Columbus is trying to resurrect the
Driving Park and Fair association. A
moderate sack of lucre would vital
The Presbyterians of York have adopted
plans for a church to cost $10,000. It
will seat COO persons and will bo built
A job lot of peddlers are doing the
farmers of Gagu. They are notu makers
und forgers , and should bo speeded on
the road to the nearest jail.
The case of Quinn Bolinnan will como
up in the United States court next Octo
ber. Meanwhile , thu spelling professor
will bo fattened for thu halter.
The cio ] > of suckers promises to be un
commonly large this vear. Thcverdants
of Schuyler wore lleueed of $05 lost week
by a fakir who was licensed to do the
Fremont plumbers get $1 a day for
nine hours work. Their bills , however ,
never shrink in the presence of a bank
roll. Bankruptcy alouc induces shrink
The recent damaging fires in Arapahoe
have convinced the residents that water
works aru a necessity. Plans and means
to secure a water supply aru now under
Plattsmouth proposes to sink $ -2.500 in
a gas prospect liolo. Thu town lost a
great opportunity in failing to securu a
century's supply last Thursday. It will
nuvor have another.
Ed Oliver , of Beanlsloy , 111. , rid him
self of thu importunities of two confi
dence men by jumping into the Missouri ,
while the train was crossing the river ,
cast of Wymoro. Ho was drowned.
The Republican Valley Editorial asso
ciation ta called to meet in Oxford to-day.
Owinir to thu sallow condition of the
roads and thu brief notice of ton days
given the members , it is toarcd thu at-
tundancu will bu slim and shoeless.
The residents of Waterloo , Douglas
county , have been invited to tuovu to
Vailu } . An enterprising real estate
agent offers to move the houses and give
each family a lot in Valley if the resi
dents accept the terms within ten days.
Long Pinors proclaim , in stunning
pica type : "Wo aru. a modest people , we
are , because wu 'worn ' made so by
nature. " Thu moddst section of the pro
claim is referred to Atkinson. That
nature lavished on them its treasures of
mouth speaks for it'sclf.
Anton Schumann , ii floating German ,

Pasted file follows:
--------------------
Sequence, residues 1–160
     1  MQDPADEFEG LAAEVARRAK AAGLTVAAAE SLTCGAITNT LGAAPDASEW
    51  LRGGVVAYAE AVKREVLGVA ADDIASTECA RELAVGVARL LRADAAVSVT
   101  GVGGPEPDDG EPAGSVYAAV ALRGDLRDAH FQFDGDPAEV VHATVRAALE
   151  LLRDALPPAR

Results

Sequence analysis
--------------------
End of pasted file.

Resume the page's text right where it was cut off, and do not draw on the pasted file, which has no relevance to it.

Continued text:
was killed in the B. & M. yards in Plaits-
mouth Thursday night. Ho was bur
dened with celebration and attempted to
mount tlio brake beam of a moving
freight train. He lived long enough testate
state that his father , resided near Mil
Amid the crash of mountains , volcanic
upheavals , Hoods and miner disasters ,
Nebraska City nestles calmly on. thu
towering bunks , of the Missouri ,
contentedly pointing to the ninth
woadur of thu century a pro
hibition mule. Hu pumps water for a
Ollicer Dougherty , of Fremont , at
tempted a long haul of eight tramps who
claimed to bu of ago and entitled to lib
erty or grub. The olllcer drew his per
suader and poppnd one of them in the
leg , receiving at the same moment a
stunning blow on the head. Dougherty
gave the trumps the freedom of thu road
put of town and invested a week's wages
in pai n killer.
Mr. Fred Fuller , of Crete , was the vic
tim of a surprise party last Sunday.
While snoring the happy hours aivay
during thu sermon in the Congregational
church a fearless thief made off with
his horse- and buggy , worth $300. Thu
animal was found at Syracuse where the
thief borrowed a fresh horsu and con
tinued on his journey.
A dusky dancing professor named Nich
ols is galloping through thu southern
counties teaching classes when payment
is mailii hi advance. The liuibur-fugged
traud invariably skips out us soon as the
money is secured. A dilapidated grip ,
weighted with sour socks , a pair of old
shoes and two bricks was left at Elk
Crock us a memento of his visit.
Henry Eckman and a tough named
Bohior quarreled about a girl in UeU
Cloud. Eckman was quite handy with
his paws and slapped his rival hip and
thigh , but Bohior drew a knife and carved
a map of iho latest addition on Eckman's
body before friends interfered. Bohier's
nose now points heavenward and Eck-
man's body is wrapped in liniment.
Button's amateurs tackled the "Fruits
of the Wine Cup" one evening last week.
The heavy villain unconsciously swal
lowed an overdose of the fruit and
knocked down the orchestra leader with
a chair just as thn latter was scraping an
acquaintance with "Wo Won't Go Home
Until Morning. " It in hinted that an
envious star loaded thn sample bottle
with forty-rod to produce an artistic ef
Bert Young , an eight-year-old Colum
bus kid , while playing nuar the railroad
track , kicked up his heels and concluded
to race with thu incoming Albion train.
Hu ran along the side of the track ,
stepped into it hole and fell. His right
arm was caught by the wheuls and the
skin ground from the elbow to thu
lingers. No bones Wore broken , but the
youngster will wo\r : \ n sling for several
weeks. j J ,